PICTURED: Soil microbes. PC: Pacific Northwest National Laboratory. CC 2.0.
Story at a glance..
When receiving a sample of a young mouse’s gut microbiome, age-related cognitive decline was reversed in older mice.
This included measures of anxiety, learning and memory, but also immune functions in the brain.
While more research is needed, the finding joins a generous body of evidence suggesting fecal microbiome transplants could be key to ensuring a healthy aging process in humans.
Organ transplants are an extremely important medical procedure, but growing literature could see regular “fecal microbe transplants” given to us as we age, as animal studies showing the effect this bizarre intervention has on attenuating the aging process, particularly in the brain and gut, are promising.
Now a new study published in Nature Aging, has found that transplanting a piece of the gut microbiome—the trillions of individual bacteria, viruses, and protozoa that live in our gastrointestinal system, from a younger mouse into an older one, reversed age-related changes in the immune function of the brain as well as returning the patterns of anxiety, learning, and memory, to those of a younger mouse.
Their study reported the fecal microbiome transplant (FMT) from a 3-4 month-old mouse into a 19-20 month-old mouse “reversed aging-associated differences in peripheral and brain immunity, as well as the hippocampal metabolome and transcriptome of aging recipient mice” as well as “attenuated selective age-associated impairments in cognitive behavior”.
The brains of old mice receiving young donor-derived fecal transplants were found after to contain metabolites and patterns of gene regulation that resembled the brains of the younger mice.
Aging is a complex process of systematic decline, and age-related changes in gut microbiota are linked with decline in cognitive abilities in young rats receiving an FMT from old rats. This same study also found the aged FMT increased expression of pro-inflammatory cytokines and oxidative stress, suggesting the mechanism for gut-related cognitive decline during aging is driven by inflammation.
The age-related decline in microbiome diversity and richness is also linked to a poorer diet which in turn worsens the condition of the microbiome, worsening cognitive decline. One study found that separating 178 elderly patients by microbiome richness simultaneously separated them by diversity of diet, as well as by measures of frailty.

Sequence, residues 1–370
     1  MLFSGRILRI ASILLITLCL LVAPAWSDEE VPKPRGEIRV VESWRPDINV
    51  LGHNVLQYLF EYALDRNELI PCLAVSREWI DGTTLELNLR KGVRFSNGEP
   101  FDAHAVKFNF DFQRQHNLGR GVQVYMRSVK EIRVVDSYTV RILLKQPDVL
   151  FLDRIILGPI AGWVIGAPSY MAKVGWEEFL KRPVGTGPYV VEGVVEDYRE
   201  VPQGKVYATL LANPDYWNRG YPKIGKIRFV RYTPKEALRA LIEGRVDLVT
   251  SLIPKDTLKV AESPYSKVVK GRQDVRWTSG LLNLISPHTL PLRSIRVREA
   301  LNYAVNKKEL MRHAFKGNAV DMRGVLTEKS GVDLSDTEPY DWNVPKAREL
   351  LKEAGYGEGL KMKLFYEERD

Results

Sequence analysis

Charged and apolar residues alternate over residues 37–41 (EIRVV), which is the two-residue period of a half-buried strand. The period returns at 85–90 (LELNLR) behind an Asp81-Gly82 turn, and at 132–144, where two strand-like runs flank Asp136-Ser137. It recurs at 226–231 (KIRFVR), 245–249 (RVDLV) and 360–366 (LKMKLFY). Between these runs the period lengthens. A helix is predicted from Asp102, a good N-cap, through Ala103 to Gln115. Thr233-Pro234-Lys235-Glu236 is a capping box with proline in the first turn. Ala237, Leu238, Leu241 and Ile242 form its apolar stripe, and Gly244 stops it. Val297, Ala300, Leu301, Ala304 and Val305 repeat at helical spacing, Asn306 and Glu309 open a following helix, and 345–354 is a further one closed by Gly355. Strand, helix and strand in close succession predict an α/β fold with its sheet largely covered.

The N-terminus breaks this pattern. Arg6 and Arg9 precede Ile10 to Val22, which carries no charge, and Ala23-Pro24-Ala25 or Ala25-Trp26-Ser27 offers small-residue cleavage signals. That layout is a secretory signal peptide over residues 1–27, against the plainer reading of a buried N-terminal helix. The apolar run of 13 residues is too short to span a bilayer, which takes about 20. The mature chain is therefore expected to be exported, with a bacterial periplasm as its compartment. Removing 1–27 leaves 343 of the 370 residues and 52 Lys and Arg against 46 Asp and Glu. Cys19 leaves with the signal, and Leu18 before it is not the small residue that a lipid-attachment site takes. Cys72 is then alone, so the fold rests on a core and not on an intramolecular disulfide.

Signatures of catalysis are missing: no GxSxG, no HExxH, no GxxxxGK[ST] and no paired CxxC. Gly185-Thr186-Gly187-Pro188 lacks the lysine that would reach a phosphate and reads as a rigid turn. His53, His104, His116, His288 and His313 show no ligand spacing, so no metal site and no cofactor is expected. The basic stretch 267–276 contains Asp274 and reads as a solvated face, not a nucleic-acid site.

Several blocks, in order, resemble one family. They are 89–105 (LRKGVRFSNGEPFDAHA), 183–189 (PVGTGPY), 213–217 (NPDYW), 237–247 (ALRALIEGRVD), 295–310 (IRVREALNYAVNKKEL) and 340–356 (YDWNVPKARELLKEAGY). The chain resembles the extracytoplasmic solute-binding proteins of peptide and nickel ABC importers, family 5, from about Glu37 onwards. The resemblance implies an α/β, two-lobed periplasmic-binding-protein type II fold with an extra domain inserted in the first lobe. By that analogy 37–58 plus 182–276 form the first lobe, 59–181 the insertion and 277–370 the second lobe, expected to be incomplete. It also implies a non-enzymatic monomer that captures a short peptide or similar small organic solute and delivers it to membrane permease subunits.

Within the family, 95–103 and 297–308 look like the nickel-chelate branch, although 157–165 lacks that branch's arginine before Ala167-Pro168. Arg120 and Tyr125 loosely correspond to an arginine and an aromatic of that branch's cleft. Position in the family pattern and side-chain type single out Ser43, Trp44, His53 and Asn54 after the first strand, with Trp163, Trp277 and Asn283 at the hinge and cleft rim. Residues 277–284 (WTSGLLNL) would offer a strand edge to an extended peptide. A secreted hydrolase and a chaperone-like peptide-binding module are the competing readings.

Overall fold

The Gut-Brain Axis
FMTs have been utilized at least since the 4th century CE in China, and traditionally by the Bedouin to treat various stomach conditions (in their case the FMT was done by eating fresh camel dung). Hippocrates wrote more than 2,000 years ago that all disease begins in the gut.
While the therapeutic mechanism of FMT isn’t totally understood, one hypothesis is simply bacterial competition, with more easy-living cultures crowding out invasive and harmful ones.
But how, one might ask, do the bacteria in one’s stomach manage to actively affect one’s brain activity or immune-system responses? The subject is that of the gut-brain axis, a linking of the gut to many important parts of the brain such as the hippocampus, thalamus, amygdala, and hypothalamus. An information super highway connects these quite-distinct patterns of life called the “vagus nerve”.
An author of the new paper helped write a review of the gut-brain axis for the American Physiological Association in 2018, in which he wrote…
This axis is gaining ever more traction in fields investigating the biological and physiological basis of psychiatric, neurodevelopmental, age-related, and neurodegenerative disorders. The microbiota and the brain communicate with each other via various routes including the immune system, tryptophan metabolism, the vagus nerve and the enteric nervous system, involving microbial metabolites such as short-chain fatty acids, branched chain amino acids, and peptidoglycans.
Much recent work has implicated the gut microbiota in many conditions including autism, anxiety, obesity, schizophrenia, Parkinson’s disease, and Alzheimer’s disease.
Unlike organs, fecal microbiome matter from young people is easy to come across, and could be both a useful source of income for healthy young adults, and a robust therapeutic intervention for the elderly.
Slowing the decline in dietary composition, neurogenesis and cognition, as well as the increases in chronic inflammation associated with aging before such problems become too serious is key to healthy aging, a topic exploding in scientific popularity as the world population continues to live longer.